Comcast is not saying much about the service outages that affected thousands of the company's customers across the United States on Feb. 15, leaving users wondering just what happened to cause the problems.
The service outages affected Comcast television, Internet and voice phone services across "a number of markets" in the United States, according to a Feb. 15 story by CNNMoney.
"Complaints peaked between 9 a.m. and 12 p.m. ET on Monday, reaching as many as 17,000 outage reports," the story reported, based on data from service outage reporting Website Downdetector.
CNNMoney reported that a Comcast spokesperson said the outage occurred in "a number of markets, but not all customers/not all services were impacted."
Most of the complaints were related to HD television services, the report stated, but some customers also complained of service disruptions with their Comcast Xfinity Internet and voice phone services.
Comcast posted a note about the outage on its corporate Website on Feb. 15, reporting at 12:30 p.m. ET that it was "continuing to investigate what appears to be a temporary network interruption that impacted some of our services this morning. Our engineers have been working on this and services are starting to be restored. We apologize for any inconvenience this has caused our customers."
In an update at 1:22 p.m. ET on Feb. 15, the company said that its technicians "have repaired the temporary network interruption that impacted some of our services this morning. Our engineers continue to work on this issue and almost all services have already been restored."
Jenni Moyer, the senior director of corporate communications for Comcast's network and operations, gave no further details when asked for more information on the outage by eWEEK in a Feb. 16 email inquiry. She did not respond to specific questions about how many customers were affected, what caused the outage and how many states were affected.
Several IT industry analysts told eWEEK that Comcast's limited remarks about the service problems that affected many of its customers were surprising since it was not a small disruption.
"If this were a minor problem or one that affected a single place or region, Comcast could probably get away with simple glad-handing," Charles King, principal analyst of Pund-IT, told eWEEK in an email reply to an inquiry. "But the size/scope of yesterday's outage suggests that the issue was far larger and more widespread than a simple, 'Oops, sorry,' really covers."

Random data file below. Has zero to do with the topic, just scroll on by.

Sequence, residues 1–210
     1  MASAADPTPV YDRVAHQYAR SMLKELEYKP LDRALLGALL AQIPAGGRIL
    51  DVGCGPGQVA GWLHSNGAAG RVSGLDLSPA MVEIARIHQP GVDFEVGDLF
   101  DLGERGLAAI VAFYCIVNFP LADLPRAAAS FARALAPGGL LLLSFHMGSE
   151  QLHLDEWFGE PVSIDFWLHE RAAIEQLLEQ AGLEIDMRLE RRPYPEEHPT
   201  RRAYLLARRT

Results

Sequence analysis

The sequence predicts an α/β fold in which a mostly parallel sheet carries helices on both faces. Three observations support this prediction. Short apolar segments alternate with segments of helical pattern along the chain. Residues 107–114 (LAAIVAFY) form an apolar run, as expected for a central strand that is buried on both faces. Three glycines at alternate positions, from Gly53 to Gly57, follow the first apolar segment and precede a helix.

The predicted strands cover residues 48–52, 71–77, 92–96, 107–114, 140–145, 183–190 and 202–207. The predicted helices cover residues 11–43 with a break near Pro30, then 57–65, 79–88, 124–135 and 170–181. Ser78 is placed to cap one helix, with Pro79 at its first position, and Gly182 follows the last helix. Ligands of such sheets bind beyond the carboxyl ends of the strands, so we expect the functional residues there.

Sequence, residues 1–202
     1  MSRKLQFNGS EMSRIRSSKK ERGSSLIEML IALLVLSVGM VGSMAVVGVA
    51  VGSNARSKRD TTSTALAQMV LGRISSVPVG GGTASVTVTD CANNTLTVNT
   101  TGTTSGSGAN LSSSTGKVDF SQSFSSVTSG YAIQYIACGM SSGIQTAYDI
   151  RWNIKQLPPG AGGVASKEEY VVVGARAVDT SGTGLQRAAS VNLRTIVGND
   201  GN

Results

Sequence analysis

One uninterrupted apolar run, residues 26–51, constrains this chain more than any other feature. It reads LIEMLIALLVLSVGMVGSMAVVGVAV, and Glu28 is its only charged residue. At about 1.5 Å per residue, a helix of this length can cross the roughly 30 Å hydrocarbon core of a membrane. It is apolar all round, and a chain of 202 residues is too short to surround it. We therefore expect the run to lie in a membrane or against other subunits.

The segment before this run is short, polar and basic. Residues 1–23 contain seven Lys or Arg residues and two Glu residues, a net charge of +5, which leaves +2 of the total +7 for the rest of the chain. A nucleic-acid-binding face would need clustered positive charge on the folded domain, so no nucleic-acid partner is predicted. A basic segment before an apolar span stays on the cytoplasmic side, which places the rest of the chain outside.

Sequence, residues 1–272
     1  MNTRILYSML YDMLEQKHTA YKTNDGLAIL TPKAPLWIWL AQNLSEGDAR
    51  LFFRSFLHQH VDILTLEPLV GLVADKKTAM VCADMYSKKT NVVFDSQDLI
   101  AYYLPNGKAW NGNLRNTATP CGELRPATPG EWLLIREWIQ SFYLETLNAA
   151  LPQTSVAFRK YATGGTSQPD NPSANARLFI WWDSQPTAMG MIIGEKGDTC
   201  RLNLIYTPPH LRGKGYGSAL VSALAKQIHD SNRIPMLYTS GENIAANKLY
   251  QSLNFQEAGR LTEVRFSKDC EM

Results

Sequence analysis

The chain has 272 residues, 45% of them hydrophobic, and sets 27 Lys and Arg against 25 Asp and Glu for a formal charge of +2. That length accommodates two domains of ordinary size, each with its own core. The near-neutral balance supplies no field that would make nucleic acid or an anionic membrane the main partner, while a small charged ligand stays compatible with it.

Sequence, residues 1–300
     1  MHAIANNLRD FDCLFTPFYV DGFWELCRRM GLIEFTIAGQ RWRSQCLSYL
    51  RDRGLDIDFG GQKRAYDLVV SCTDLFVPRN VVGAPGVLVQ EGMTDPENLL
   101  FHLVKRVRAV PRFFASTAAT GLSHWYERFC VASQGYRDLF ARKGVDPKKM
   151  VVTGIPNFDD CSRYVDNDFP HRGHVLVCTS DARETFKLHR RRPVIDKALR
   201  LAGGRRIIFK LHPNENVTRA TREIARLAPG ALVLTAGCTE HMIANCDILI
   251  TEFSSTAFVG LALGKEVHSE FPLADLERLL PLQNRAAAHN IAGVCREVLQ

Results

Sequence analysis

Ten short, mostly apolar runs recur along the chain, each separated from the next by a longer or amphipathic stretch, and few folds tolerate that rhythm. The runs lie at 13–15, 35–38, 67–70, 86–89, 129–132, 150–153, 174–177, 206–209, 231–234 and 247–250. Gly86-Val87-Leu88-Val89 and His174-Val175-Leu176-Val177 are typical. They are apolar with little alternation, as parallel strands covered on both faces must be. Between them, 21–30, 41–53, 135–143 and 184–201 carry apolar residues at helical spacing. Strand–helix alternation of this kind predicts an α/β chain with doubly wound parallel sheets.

Service outages "are a fact of life in a service-driven economy, especially in services dominated by a handful of large, dominant players," wrote King, but "the dynamic power of social media means that consumers have the means to share their thoughts, approval and disappointments instantaneously. If Comcast were smart, they'd skip the platitudes, explain the problem and how they're fixing it, express remorse and move on. Unfortunately, in this particular instance, smartness doesn't seem to be in the company's toolbox."
Analyst Jan Dawson of Jackdaw Research agreed. "It seems like it was a pretty widespread outage, and it's odd that Comcast didn't provide any sort of explanation for it—even a one-sentence explanation would have been better than nothing," he wrote in an email reply. "You have to imagine it was some sort of software glitch in some centralized system somewhere to have caused issues over such a wide geographic area. Simply acknowledging that fact and assuring customers that it wouldn't happen again would have been the right thing to do."
Another analyst, Rob Enderle, principal of Enderle Group, told eWEEK that since Comcast provides cable TV, Internet and voice phone services to customers, it needs to be more responsive when problems occur that disrupt customers' lives in a wide range of ways. Providing all three types of services "means the tolerance for this kind of outage has gone down dramatically over the years," he wrote.
Comcast needs to be careful in such instances, said Enderle, because "things are changing, people are starting to cut the cord to their cable TV [service], live more off their cell phones, and Google is beginning to aggressively supply low cost network alternatives to cable data services."
If Comcast doesn't keep its customers informed and happy, it could face repercussions, he wrote. "This is often how entire industries fail, the companies in them don't realize that customer satisfaction is important until after they have lost the critical mass of customers that keeps them viable."